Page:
Love your Adventure reference.
After a week of trying to part with green tides in two outdoor swimming pools, Olympic officials over the weekend wrung out a fresh mea culpa and yet another explanation—neither of which were comforting. According to officials, a local pool-maintenance worker mistakenly added 160 liters of hydrogen peroxide to the waters on August 5, which partially neutralized the chlorine used for disinfection. With chlorine disarmed, the officials said that “organic compounds”—i.e. algae and other microbes—were able to grow and turn the water a murky green in the subsequent days. The revelation appears to contradict officials’ previous assurances that despite the emerald hue, which first appeared Tuesday, the waters were safe.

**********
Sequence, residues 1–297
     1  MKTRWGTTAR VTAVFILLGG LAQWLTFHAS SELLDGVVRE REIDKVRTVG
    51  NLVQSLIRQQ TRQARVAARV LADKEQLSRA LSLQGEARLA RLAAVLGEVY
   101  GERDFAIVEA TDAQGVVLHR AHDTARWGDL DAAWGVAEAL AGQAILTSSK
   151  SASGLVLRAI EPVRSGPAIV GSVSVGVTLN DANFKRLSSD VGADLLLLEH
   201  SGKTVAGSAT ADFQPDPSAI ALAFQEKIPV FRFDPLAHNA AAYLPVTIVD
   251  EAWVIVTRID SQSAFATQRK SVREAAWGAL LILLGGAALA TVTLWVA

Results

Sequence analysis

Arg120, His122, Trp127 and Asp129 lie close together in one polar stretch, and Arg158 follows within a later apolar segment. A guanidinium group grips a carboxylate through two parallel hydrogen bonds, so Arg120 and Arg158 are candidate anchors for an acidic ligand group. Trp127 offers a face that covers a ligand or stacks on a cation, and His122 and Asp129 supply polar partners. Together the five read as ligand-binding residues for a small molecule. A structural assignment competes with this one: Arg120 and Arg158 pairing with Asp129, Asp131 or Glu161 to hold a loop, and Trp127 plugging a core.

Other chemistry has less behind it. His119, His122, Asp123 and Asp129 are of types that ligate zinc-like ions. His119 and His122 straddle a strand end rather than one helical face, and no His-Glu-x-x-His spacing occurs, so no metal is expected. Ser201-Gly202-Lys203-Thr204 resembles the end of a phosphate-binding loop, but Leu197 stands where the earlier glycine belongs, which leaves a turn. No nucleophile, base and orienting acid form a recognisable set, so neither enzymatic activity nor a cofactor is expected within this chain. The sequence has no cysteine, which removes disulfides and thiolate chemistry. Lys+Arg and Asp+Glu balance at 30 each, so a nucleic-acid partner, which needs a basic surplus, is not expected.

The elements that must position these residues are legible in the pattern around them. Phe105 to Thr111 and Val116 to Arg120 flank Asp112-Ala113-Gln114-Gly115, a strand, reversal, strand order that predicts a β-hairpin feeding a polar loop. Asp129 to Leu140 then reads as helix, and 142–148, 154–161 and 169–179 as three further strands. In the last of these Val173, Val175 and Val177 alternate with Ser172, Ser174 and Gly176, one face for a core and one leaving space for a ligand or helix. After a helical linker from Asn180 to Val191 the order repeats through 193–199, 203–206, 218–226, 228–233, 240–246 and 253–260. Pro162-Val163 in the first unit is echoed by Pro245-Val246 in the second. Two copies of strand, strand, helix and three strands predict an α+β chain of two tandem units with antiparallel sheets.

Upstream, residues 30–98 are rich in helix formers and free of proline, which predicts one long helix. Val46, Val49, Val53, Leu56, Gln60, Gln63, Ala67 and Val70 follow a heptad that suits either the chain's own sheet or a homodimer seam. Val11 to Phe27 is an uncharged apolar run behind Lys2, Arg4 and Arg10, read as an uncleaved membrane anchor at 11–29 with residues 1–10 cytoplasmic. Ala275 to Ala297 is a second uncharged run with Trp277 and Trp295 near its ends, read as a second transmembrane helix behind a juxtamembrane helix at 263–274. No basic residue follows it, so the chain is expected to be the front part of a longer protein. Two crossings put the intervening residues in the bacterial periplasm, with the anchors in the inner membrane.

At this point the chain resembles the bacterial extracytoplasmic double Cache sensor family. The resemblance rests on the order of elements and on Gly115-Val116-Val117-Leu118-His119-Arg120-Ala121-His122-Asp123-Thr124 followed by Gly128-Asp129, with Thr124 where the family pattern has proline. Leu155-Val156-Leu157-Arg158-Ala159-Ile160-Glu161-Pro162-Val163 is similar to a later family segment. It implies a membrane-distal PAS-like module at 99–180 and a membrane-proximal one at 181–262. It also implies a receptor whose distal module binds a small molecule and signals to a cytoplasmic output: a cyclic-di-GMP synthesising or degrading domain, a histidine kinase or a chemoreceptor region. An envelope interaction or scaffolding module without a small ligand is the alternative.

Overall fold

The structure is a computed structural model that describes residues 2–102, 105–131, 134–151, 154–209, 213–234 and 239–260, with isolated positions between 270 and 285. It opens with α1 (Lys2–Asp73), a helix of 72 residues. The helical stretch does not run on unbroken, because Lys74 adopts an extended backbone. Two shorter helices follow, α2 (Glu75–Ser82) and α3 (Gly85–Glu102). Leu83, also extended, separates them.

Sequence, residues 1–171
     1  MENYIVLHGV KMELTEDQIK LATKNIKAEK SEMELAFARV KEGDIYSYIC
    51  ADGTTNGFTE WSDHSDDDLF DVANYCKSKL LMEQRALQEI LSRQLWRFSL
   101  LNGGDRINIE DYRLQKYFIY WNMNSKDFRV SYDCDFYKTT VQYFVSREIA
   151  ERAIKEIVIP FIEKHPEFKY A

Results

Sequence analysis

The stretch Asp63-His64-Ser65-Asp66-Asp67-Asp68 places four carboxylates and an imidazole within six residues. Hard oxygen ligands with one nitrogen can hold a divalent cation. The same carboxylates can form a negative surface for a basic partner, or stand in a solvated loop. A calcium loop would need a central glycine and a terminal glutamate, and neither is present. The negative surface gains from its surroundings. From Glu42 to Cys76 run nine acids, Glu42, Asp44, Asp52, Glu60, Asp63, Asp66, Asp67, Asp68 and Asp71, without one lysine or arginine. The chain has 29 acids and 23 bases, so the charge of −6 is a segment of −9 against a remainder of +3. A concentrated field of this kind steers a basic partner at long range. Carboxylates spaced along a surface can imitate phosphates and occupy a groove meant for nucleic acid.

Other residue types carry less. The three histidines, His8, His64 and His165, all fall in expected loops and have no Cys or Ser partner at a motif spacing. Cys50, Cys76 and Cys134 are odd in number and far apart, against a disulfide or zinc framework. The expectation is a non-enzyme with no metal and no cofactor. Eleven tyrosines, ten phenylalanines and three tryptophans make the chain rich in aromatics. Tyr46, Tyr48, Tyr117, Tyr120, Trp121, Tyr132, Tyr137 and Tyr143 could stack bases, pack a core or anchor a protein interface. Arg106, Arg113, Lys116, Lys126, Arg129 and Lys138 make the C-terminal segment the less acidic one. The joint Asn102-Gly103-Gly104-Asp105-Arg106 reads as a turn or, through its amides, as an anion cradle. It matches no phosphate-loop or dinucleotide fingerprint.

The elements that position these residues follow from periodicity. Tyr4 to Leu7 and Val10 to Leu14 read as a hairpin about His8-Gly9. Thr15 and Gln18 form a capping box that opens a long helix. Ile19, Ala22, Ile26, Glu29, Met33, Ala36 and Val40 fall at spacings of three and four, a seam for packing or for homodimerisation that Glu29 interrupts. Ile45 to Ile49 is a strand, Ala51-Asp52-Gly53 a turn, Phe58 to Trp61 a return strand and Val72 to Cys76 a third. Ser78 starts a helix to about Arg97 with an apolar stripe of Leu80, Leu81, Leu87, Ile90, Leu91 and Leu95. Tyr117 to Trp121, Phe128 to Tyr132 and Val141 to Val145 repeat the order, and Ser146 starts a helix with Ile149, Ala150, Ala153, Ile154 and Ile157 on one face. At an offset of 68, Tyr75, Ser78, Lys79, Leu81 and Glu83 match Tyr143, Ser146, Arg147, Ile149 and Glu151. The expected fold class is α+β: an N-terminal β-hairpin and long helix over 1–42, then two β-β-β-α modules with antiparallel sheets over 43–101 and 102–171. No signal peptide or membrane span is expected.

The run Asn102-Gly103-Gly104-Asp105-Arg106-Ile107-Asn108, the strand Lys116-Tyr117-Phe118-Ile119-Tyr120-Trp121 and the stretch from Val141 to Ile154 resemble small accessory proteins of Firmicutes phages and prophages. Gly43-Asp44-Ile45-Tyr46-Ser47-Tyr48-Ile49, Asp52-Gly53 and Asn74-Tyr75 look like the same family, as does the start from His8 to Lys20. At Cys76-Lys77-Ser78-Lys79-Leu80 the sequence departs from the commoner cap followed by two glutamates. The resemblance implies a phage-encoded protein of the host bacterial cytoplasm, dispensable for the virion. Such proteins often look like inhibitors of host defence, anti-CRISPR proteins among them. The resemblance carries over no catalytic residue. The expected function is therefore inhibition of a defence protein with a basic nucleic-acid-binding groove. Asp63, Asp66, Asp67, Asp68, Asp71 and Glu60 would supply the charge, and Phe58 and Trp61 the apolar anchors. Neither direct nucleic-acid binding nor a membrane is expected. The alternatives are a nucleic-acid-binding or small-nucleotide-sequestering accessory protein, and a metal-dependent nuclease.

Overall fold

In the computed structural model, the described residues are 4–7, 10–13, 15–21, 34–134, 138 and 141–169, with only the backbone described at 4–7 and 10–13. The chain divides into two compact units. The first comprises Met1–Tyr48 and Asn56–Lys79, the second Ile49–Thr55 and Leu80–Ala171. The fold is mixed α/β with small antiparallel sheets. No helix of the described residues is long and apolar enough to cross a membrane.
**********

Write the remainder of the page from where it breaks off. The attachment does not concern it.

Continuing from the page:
I would personally have avoided using the green pools, but that's just me.
I don't have any Mod points today, but someone should mod this up. This is not a Linux failure, but a Redis admin failure.
The attacks are hence highly scalable and could be potentially carried out by an unskilled adversary. Since they are executed solely via the wireless interface, with at least the range of the original remote control (i.e., a few tens of meters), and leave no physical traces, they pose a severe threat in practice.
It is interesting how insurance companies might respond to this
exposure. All vulnerable cars can be remotely unlocked with information
that is extracted from just one recording that is intercepted from a
significant distance. Moreover, the alarm system is disabled as
well, which enables an adversary to enter the car and connect directly
to the On Board Diagnostic (OBD) socket to disable the
immobilizer and drive away.
"We don't care. We don't have to. We're the Phone Company."